Aug. 14, 2019

Capital One Breach Demonstrates Risk of Overlooking Vulnerabilities When Sending Data to the Cloud

A company that sends data to the cloud is only as secure as its cloud-service provider – a concept addressed in New York’s Stop Hacks and Improve Electronic Data Security Act, taking effect March 21, 2020, which extends its requirements to the service providers of covered entities. While the recent Capital One breach involved a cloud-service provider, AWS, it also holds a different lesson, according to BlackCloak CEO and founder Chris Pierson. He told us that the real story of the Capital One breach is about when there is a misconfiguration of a firewall appliance on a company’s server, which can happen regardless of where the server is located – not just in a cloud-based environment. We share Pierson’s insight on how to prevent, detect and remediate a firewall misconfiguration, as well as how to mitigate risk when using a cloud-service provider. We will also cover the SHIELD Act in depth in an upcoming article. See “FINRA Report Addresses Common Cybersecurity Risks and Recommends Mitigation Measures” (Feb. 13, 2019).

Practical Implications of China’s New Cybersecurity Inspection Regulation

Does compliance with China’s new Regulation on the Internet Security Supervision and Inspection by Public Security Organs heighten the risk of exposing sensitive data to third parties and disruption of network systems? The Regulation, which took effect on November 1, 2018, also raises concerns about more intrusive state action in the cybersecurity space – it has expanded the authority of the Public Security Bureau to perform cybersecurity inspections of internet-related businesses operating in China. In this guest article, Reed Smith attorneys Xiaoyan Zhang and Vincent James (Jim) Barbuto discuss some of the Regulation’s practical implications and risk mitigation strategies that should be considered by entities covered by it. See “China Establishes Certification Scheme for Mobile App Operators” (Apr. 17, 2019).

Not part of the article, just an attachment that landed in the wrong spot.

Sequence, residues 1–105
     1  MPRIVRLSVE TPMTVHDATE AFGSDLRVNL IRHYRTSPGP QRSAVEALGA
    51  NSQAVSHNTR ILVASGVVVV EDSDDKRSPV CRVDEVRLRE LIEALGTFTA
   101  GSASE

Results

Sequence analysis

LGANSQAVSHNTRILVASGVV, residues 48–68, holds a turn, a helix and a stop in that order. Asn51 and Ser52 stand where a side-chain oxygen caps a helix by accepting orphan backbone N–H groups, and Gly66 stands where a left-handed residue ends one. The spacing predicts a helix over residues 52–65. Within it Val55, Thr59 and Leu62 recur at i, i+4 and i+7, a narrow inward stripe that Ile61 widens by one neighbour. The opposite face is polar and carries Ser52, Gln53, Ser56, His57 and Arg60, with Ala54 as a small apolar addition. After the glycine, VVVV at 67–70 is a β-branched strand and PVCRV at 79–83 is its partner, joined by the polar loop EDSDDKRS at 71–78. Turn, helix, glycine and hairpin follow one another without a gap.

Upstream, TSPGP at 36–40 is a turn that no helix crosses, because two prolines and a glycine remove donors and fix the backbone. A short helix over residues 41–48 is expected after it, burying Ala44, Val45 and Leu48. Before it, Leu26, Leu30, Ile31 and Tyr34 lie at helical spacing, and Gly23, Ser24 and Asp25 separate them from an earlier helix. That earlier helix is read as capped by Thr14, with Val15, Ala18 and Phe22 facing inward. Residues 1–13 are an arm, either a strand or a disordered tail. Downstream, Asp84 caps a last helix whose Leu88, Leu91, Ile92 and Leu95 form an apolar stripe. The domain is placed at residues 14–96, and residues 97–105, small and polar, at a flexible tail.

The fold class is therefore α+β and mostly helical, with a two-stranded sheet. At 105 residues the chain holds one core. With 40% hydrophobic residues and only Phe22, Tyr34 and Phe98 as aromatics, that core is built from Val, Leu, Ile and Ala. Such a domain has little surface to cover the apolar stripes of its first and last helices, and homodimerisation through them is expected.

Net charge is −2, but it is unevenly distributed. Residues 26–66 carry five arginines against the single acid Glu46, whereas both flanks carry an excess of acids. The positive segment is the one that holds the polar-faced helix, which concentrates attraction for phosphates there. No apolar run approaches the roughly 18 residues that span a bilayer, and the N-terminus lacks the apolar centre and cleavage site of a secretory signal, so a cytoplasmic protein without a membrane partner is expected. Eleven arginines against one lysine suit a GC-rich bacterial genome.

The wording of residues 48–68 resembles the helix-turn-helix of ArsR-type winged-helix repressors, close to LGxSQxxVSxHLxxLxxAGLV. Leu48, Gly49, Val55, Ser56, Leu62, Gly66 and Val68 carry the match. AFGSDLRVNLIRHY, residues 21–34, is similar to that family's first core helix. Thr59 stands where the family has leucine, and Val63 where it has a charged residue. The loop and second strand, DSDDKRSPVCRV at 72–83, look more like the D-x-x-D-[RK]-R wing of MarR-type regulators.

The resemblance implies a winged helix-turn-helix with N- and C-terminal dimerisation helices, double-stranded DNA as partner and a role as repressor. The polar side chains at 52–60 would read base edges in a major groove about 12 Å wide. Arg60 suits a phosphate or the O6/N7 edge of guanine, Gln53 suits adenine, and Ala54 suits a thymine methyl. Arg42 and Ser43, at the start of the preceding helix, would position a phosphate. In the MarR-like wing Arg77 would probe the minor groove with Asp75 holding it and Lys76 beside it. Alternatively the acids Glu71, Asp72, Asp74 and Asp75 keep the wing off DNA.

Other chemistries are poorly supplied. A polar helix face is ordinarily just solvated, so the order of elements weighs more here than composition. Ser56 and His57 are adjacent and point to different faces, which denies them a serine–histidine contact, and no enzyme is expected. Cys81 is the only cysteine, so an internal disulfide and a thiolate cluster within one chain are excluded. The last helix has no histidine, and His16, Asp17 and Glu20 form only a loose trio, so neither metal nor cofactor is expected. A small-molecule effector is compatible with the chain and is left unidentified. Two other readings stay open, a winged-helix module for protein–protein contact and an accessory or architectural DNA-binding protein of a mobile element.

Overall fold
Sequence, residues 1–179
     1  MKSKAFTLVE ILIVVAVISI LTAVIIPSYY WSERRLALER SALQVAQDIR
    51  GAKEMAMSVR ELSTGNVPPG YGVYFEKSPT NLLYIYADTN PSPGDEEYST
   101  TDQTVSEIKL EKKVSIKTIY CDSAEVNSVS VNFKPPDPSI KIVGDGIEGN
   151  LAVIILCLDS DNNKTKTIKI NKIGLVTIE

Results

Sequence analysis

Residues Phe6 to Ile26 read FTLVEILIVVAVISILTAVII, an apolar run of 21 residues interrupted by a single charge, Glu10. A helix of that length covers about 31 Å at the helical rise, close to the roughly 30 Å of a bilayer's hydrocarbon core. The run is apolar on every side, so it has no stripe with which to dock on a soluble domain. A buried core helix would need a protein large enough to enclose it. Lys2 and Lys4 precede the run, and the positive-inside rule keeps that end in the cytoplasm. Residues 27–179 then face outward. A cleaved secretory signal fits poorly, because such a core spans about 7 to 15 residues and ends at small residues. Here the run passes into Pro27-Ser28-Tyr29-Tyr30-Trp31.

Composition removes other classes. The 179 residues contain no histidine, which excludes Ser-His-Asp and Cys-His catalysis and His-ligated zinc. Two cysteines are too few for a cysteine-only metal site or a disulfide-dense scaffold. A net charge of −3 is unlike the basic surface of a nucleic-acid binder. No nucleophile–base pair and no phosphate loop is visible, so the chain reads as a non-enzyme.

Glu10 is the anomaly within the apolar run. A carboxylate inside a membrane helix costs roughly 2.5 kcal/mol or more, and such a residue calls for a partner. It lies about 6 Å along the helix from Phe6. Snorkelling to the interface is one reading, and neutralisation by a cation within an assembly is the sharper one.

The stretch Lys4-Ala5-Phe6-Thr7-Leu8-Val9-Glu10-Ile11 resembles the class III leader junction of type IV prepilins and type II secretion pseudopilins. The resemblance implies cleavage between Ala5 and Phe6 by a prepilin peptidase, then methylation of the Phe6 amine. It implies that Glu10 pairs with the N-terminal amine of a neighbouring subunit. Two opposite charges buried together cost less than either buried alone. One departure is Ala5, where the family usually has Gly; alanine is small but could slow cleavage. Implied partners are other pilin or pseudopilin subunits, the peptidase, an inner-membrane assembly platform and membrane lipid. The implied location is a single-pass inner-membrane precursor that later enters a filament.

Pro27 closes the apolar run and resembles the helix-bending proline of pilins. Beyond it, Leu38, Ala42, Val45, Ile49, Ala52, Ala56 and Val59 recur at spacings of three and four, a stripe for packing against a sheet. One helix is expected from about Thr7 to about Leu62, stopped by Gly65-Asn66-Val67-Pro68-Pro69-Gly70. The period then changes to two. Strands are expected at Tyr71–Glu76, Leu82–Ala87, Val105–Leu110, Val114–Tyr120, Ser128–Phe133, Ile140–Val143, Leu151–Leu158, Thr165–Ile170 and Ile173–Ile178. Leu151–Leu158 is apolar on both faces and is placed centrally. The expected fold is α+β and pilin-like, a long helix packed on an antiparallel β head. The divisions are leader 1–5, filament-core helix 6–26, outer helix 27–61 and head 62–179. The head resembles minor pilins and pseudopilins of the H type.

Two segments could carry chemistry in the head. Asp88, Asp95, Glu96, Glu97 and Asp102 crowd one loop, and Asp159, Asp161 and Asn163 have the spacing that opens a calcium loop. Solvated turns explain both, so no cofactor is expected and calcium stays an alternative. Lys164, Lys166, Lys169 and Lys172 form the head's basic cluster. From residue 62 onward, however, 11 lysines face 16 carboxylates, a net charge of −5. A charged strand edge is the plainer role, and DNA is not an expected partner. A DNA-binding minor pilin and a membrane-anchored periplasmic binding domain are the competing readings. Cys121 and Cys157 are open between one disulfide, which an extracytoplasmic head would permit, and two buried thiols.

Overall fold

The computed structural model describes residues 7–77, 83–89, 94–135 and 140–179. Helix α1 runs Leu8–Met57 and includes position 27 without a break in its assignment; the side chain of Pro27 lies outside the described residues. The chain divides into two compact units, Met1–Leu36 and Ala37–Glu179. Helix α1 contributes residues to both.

Report Weighs In on Understanding and Mitigating Rising Data Breach Costs

The cost of a data breach has continued to rise, the time from breach to containment has lengthened, and organizations today are 31% more likely to experience a breach within two years than they were in 2014, according to the 14th annual Cost of a Data Breach Report, sponsored by IBM Security and independently conducted by the Ponemon Institute. For the first time, the Report also explored how the cost of a breach played out over time, finding that companies continue to incur costs even two years after the incident. On the bright side, the Report also found that certain factors significantly mitigated data breach costs. We examine these and other key findings from the Report with insight, including advice on keeping breach costs down, from Ponemon’s chairman and IBM Security’s content marketing manager. See also “Ponemon Report Cites Third-Party Risk Management Shortfalls and Offers Best Practices” (Dec. 19, 2018).

Kroll Adds Associate Managing Director of Cyber Practice in NJ

Michael Vega has joined Kroll as an associate managing director of its cyber practice in Secaucus, where he assists companies with strategic planning, digital research and security challenges. For more from Kroll, see “Keeping CISOs and the C-Suite Off the Witness Stand” (May 29, 2019).